More than a few MFA teachers talk about the politics of their English departments in such a way that it sounds like an episode of House of Cards. Criticizing students, fellow teachers, the program, or even the effectiveness of creative writing programs in general — it has to be a careful dance. One ex-teacher, now freed of such considerations, has let it rip in an article called "Things I can say about MFA writing programs now that I no longer teach in one."

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Is it possible to make your own MFA (Master of Fine Arts) in Creative Writing? Probably not, but we outline a plan that will make you a better writer if you stick with it long enough.

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We vividly remember singular events: a wedding, a car accident, college graduation, 9/11, your first glowing book review, etc.

But what about something you experience over and over again? Something that's power accrues over years and sticks with you for a lifetime? Something like writing? If love of writing is a state-of-being, can you remember when the clouds parted and you "became" a writer?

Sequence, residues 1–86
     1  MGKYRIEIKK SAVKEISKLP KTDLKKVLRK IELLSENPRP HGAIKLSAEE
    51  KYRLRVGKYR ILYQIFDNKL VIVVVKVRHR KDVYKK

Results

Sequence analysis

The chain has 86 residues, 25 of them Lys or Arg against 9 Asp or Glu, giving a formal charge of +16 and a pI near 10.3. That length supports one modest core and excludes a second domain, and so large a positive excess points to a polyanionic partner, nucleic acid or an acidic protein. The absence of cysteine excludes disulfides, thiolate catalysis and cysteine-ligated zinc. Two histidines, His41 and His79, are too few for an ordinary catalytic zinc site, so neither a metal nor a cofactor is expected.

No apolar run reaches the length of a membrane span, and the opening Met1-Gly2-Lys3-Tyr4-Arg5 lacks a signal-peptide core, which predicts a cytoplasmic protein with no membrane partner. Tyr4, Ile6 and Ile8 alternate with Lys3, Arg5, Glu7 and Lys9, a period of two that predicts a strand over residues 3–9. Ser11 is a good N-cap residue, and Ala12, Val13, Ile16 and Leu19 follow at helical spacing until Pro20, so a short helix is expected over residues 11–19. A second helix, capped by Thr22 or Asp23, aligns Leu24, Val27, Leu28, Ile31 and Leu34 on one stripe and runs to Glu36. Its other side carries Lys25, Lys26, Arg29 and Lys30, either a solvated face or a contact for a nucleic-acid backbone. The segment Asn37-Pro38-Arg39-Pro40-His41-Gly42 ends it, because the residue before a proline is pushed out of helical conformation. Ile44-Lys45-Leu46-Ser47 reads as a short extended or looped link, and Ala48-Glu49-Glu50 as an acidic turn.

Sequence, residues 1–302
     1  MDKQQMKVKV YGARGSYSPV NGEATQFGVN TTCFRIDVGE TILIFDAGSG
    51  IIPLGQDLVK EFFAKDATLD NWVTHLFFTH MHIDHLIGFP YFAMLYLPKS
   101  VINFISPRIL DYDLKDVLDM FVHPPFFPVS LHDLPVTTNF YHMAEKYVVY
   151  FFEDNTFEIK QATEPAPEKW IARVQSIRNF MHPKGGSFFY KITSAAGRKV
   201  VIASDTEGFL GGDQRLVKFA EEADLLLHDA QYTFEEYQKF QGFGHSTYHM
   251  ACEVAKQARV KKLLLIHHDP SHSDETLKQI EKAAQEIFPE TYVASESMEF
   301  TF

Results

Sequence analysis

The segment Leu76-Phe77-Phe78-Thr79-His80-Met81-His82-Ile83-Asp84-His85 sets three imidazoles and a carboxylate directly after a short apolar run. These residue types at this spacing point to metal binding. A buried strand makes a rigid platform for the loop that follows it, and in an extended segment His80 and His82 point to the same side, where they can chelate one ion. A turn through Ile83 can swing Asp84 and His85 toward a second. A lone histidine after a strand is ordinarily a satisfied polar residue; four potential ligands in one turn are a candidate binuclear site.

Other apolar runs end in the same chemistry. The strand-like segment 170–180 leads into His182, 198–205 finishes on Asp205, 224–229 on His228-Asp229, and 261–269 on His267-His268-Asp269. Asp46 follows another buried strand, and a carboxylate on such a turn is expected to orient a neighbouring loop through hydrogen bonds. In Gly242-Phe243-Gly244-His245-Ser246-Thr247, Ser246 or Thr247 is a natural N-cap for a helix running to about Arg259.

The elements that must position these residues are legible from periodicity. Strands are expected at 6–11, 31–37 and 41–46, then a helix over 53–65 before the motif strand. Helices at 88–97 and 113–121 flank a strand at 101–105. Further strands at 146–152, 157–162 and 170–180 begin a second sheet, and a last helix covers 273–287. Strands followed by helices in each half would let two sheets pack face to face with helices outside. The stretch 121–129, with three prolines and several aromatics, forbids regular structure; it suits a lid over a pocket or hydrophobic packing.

Was it the very first time you sat down to transcribe a story that'd been forming in your mind? Or was it only after years of writing when something finally clicked into place, and you felt the door open?

Was it when a teacher or a critic or a lover told you what you'd created was worth something? Or was it when the world seemed to be telling you that your writing wasn't worth a damn-- and you stuck to your guns in spite of it all?

When it comes to "being" an "artist," everyone defines those words differently. I'd love to hear how you define them for yourself, why you need to write, and how you got here.

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